My Life in Paris HTML version
Title: Une vie française. (My Life in Paris)
Author: Anna Belle
Fandom: Original, Historical
Summary: Nobleman Jérome Sautier tells Madame Constance about his life in Paris and
reveals when and why he crossed the borderline forever. Early 19th century setting.
Disclaimer: This story is fiction.
Written in 2007
Une vie française. (My Life in Paris)
by Anna Belle
I did not answer immediately when Madame Constance asked me what I felt addicted to in
life, what I felt addicted to in Paris. My life in Paris appeared to be the very usual life of a
very usual nobleman. What did I feel addicted to? No suitable answer came to my mind. My
life had never been in any way a common life. And never had I been a common nobleman.
I had come to Paris in 1807, without hope and expectations for the future. My life had been a
failure, a tragic misguided waste. I hardly noticed the beauty of this splendid town. For years I
had longed to see this place. Paris. When I had spoken of Paris, I had spoken of liberty and
independence, of progress and improvement. Of an open mind. Of a new age. Now I had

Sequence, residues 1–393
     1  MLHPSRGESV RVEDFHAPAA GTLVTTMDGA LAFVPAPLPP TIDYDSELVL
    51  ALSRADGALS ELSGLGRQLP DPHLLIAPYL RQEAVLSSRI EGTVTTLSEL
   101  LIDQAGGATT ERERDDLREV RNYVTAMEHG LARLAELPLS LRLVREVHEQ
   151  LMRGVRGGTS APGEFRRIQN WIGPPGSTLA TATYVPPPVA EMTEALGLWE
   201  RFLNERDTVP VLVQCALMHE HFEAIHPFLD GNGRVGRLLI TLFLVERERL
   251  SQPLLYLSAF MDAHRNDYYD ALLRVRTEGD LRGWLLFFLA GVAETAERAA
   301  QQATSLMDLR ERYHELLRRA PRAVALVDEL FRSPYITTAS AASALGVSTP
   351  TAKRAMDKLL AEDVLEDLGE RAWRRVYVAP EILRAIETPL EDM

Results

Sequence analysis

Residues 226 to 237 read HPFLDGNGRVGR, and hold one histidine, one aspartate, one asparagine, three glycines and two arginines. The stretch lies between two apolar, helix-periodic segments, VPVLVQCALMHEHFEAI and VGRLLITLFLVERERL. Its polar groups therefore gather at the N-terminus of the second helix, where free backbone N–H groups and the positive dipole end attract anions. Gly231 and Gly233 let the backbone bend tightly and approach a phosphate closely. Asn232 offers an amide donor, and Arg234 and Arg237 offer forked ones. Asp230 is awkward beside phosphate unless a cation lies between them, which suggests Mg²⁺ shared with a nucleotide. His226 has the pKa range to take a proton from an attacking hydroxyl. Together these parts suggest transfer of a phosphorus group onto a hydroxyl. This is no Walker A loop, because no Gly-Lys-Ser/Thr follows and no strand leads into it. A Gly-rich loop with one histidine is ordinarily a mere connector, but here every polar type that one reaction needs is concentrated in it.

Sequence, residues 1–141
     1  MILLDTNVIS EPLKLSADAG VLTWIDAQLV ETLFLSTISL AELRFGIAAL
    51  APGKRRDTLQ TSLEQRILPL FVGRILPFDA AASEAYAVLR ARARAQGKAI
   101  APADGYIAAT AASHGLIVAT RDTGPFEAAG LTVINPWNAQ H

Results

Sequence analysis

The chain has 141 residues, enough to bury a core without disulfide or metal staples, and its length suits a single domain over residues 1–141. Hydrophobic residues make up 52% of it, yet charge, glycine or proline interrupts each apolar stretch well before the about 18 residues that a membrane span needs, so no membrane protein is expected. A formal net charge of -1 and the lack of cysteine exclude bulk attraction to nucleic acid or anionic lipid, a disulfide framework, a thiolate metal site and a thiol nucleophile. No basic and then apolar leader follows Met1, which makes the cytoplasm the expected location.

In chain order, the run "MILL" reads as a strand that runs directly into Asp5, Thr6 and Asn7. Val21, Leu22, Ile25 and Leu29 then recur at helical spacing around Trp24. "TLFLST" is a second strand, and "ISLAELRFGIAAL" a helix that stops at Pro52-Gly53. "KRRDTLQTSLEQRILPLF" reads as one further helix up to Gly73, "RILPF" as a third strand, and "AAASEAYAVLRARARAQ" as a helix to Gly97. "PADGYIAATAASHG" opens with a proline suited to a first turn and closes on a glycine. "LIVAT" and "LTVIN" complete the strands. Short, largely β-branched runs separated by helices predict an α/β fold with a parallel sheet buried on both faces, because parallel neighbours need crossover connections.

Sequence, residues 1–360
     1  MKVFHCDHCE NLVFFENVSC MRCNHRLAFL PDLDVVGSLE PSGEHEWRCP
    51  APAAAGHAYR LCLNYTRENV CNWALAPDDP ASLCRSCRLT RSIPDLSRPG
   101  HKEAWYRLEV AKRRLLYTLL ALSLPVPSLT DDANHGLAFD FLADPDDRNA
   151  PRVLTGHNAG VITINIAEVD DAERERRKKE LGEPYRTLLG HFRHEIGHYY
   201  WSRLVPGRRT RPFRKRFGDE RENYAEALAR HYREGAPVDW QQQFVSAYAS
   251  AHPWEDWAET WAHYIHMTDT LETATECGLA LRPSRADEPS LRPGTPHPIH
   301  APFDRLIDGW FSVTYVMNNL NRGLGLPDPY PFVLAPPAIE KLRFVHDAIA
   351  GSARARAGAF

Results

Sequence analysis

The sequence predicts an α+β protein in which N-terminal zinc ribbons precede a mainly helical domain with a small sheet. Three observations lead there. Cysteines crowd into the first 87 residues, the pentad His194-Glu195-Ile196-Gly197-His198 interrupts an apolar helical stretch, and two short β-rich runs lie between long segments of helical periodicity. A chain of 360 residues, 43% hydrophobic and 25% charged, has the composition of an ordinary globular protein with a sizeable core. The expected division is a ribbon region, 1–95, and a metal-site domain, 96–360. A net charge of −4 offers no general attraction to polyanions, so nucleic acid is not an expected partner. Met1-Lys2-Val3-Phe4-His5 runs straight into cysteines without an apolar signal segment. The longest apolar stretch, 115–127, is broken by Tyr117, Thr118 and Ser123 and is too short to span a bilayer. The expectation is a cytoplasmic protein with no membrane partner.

finally realized that I had been mistaken. Bold thoughts. Enthusiastic thoughts. Immature.
Thoughts of a madman.
I winced at these thoughts. Madame Constance watched me curiously. “A slight headache,” I
said lightly and gave her a smile. My thoughts went back to a time when I had felt perfectly
happy. Genuine truth or mere self-deception? Who would ever understand the pain I was still
I looked at Madame Constance with darkened eyes. “Well, first, I think Paris is a good place
to forget about worries.” And leave behind your life, I added to myself. Constance raised an
This city, by no means, was a place of progress and advancement. It was a place of folly and
silly amusements. At one of these parties I had met Madame Constance, a noble woman with
an almost fatal addiction to curiosity and inquisitiveness. Soon I was her favourite and finally
she became a very good friend of mine.
Again I met her eyes. She smiled encouragingly.
Well, what was I addicted to in Paris? The social gatherings that took place in Paris every day
and night? No, I did not take interest in these places of exalted gossip and idle talk and their
constant visitors. In the beginning I had merely felt bothered by their questions. Later I felt
bored. Now I amused myself with their pride and vanity. It was a game with rules, and I stuck